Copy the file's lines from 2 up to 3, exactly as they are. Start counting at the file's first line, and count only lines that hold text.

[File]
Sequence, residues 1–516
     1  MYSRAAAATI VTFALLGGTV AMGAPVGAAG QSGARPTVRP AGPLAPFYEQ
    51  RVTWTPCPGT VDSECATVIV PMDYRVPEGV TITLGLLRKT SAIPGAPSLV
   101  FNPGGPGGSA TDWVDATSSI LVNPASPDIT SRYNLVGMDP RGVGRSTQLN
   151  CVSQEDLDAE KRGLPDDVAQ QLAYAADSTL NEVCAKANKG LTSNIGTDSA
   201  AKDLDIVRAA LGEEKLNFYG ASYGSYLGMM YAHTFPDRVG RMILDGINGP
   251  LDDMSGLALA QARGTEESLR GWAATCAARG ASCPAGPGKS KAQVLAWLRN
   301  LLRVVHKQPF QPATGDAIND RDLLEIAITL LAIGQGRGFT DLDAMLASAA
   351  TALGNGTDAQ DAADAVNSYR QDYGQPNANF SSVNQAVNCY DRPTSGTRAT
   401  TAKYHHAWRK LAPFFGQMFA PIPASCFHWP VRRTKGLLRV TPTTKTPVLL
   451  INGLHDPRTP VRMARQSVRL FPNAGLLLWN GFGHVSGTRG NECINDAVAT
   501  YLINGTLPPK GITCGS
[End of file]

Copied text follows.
     1  MYSRAAAATI VTFALLGGTV AMGAPVGAAG QSGARPTVRP AGPLAPFYEQ
    51  RVTWTPCPGT VDSECATVIV PMDYRVPEGV TITLGLLRKT SAIPGAPSLV